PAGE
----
I recently experienced one of those days. Let me first say that I typically don't acknowledge my emotions. I don't like to feel sad and I hate crying, especially in front of other people. When I start to feel something, I generally ignore, stifle, or otherwise try to make the feeling go away as quickly as possible. Maybe I busy myself doing something else, or perhaps I'll have a quick outburst in private and then bury the rest so I can move on.
But one day, I felt like I was holding back tears all morning. I just couldn't shake it. Something inside was trying to get my attention but I was doing my best to ignore it. Until I was talking to a good friend, one with whom I feel safe and whom I deeply trust. When she asked me how I was doing, I couldn't hold the tears back any longer. They came pouring out. Being the good friend that she is, she just let me cry. She was present. She listened. She was supportive. It felt good to finally let the tears flow, but we had limited time together so when we ended our conversation, I still felt like I was choking back tears.
About an hour later I had a coaching call, one where I was being coached. That call was an opportunity to be fully present with myself and what was going on inside of me. I got curious about what was behind the emotions. In doing so, I realized how much emotional baggage I had been carrying around, how long I had been carrying it, and how heavy it had become. My emotions had been stifled for too long and they needed to be released. Being another safe space, I allowed myself to cry almost the whole way through that coaching call. By the end of it, I was already starting to feel lighter. After a little time to recover and then later, some laughter, I finally felt like a big weight had been lifted off my shoulders.
The lesson for me in all of this was that I need to stop hiding and fighting my emotions! When I'm feeling something, I need to let myself feel it. If I feel like I need to cry, well, then I need to cry. Maybe that means I need to find a private space away from other people. Maybe I need to take a long walk, sit outside, or go for a drive. Maybe I need to call up a trusted friend who will let me cry without judgment or who will just listen while I talk. Whatever it means in the moment, I need to find or create a safe space for myself so my emotions can emerge.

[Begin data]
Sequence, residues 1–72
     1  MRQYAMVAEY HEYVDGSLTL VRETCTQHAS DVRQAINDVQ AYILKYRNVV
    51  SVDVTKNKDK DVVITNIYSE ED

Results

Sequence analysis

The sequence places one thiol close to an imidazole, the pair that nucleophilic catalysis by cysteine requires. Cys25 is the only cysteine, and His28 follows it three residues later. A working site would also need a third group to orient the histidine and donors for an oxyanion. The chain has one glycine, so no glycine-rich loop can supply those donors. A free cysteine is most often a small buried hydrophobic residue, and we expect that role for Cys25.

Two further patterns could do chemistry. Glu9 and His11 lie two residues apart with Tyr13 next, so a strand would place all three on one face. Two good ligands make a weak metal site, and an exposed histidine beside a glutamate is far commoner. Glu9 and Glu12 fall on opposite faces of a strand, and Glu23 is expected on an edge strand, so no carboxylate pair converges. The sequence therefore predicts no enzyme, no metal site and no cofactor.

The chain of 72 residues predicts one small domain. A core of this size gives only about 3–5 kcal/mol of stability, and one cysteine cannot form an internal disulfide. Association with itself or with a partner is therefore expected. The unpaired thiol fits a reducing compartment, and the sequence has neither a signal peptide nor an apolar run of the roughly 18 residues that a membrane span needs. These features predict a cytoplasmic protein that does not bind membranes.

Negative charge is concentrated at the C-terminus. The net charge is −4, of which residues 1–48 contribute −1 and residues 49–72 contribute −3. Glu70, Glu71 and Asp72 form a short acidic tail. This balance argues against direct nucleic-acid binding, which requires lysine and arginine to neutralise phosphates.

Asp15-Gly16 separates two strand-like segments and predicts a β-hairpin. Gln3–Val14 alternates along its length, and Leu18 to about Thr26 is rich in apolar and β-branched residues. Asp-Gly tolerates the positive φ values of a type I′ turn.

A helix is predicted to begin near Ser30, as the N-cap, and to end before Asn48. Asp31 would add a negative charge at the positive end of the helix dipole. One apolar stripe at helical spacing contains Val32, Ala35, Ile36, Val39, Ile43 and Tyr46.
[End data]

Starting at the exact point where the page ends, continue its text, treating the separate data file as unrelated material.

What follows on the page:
I learned that it's time to stop carrying the weight of unexpressed emotions. I need to let them flow, explore them and learn from them. Part of letting the emotions flow through us involves exploring what's behind the emotion. I learned that to do this effectively, I need to become fully present with myself and get curious. I need to ask, "What's going on here?" If I'm feeling angry, why? If I'm feeling sad, why? What happened? What did it trigger in me? What story am I telling myself about what happened? What tapes are replaying over and over in my mind? What is my heart saying?
When we block our emotions from flowing, they get stuck inside and keep building until finally they come out in unexpected ways. The weight of unexpressed emotions is heavy. It can make us feel physically or emotionally tired, or it can make us feel "on edge" or agitated. We will serve ourselves better by paying attention to what's going on in our body and giving ourselves the care and nurturing that we need.
Tending to our spiritual wellbeing involves taking care of ourselves physically, intellectually, emotionally, and spiritually. It means becoming aware of, accepting, and allowing our feelings and emotions - both the "good" and what we may consider to be "bad." But I am learning that there are no "bad" emotions. Because fear, sadness, and even anger - they are all trying to draw attention to something we need to know or learn about ourselves. When we become fully present with and curious about our emotions, not only will we learn to express them in authentic and productive ways, we also have the ability to learn and make a new or better choice for our self. And making better choices for our self means we will be better able to serve and respond to others.
Our flaws do not define who we are
Periodically, I revisit my old journals to see where I’ve been, what I’ve learned, and to discover patterns related to my personal and spiritual growth (or lack thereof). In a recent review, I noticed an alarming trend: how many times I wrote about the ways I failed at something. Pages were filled with what I did wrong, what I didn’t do but should have, how I should have behaved differently, and countless other ways I let myself down. Too many sentences began with “Why can’t I just…” or “Why do I always…”
And these are just the thoughts that made it onto paper. Countless other self-defeating thoughts have swirled beyond my conscious awareness. As a sensitive introvert, I am indeed in my head a lot. I process everything that happens very deeply. A stressful morning can send me deep into retreat mode - I just want to hide out and avoid all interaction with the world. I find it hard to function when I am overwhelmed, and it can take hours or sometimes days to recover from these overwhelming events or situations. I take things too personally, over-think, over-plan, ruminate, and worry. And when my behavior and choices don’t align to my own impossibly high standards for myself, I beat myself up. A lot.
When our thoughts fill up mostly or even entirely with self-judgment, self-criticism, and self-condemnation, we don’t learn. We don’t change. And we don’t grow. The more we bully ourselves for our behavior and our choices, the more we solidify unhealthy patterns that occur out of habit and become our default and stall our personal and spiritual growth.